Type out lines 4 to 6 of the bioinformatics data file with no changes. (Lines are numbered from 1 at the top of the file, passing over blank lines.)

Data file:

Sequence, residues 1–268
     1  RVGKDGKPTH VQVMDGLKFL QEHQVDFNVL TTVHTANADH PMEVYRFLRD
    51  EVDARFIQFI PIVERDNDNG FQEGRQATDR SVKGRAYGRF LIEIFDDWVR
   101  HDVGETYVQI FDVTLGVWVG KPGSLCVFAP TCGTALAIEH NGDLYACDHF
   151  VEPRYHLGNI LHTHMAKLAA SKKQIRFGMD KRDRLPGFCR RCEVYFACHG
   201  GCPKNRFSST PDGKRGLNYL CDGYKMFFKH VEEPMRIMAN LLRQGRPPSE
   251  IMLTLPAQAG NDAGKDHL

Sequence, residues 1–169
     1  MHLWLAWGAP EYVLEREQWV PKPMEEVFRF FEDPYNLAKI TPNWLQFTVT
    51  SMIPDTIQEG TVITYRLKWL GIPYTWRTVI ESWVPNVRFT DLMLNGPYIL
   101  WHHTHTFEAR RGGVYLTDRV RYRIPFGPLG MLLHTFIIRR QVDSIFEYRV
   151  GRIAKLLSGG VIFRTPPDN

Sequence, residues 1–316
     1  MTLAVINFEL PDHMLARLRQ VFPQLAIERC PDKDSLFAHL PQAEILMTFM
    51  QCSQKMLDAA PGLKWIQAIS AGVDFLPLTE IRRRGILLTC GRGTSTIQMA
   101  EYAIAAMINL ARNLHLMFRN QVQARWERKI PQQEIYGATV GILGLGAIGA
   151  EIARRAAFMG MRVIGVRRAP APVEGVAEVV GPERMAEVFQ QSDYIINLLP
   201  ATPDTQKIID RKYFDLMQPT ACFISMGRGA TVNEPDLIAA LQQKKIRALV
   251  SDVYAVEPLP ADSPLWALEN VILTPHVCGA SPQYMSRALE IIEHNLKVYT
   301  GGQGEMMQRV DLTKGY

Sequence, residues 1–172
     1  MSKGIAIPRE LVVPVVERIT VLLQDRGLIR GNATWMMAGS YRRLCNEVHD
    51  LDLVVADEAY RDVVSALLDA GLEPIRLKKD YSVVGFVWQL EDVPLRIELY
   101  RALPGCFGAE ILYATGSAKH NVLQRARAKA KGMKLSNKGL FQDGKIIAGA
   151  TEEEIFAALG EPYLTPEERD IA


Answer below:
   101  HDVGETYVQI FDVTLGVWVG KPGSLCVFAP TCGTALAIEH NGDLYACDHF
   151  VEPRYHLGNI LHTHMAKLAA SKKQIRFGMD KRDRLPGFCR RCEVYFACHG
   201  GCPKNRFSST PDGKRGLNYL CDGYKMFFKH VEEPMRIMAN LLRQGRPPSE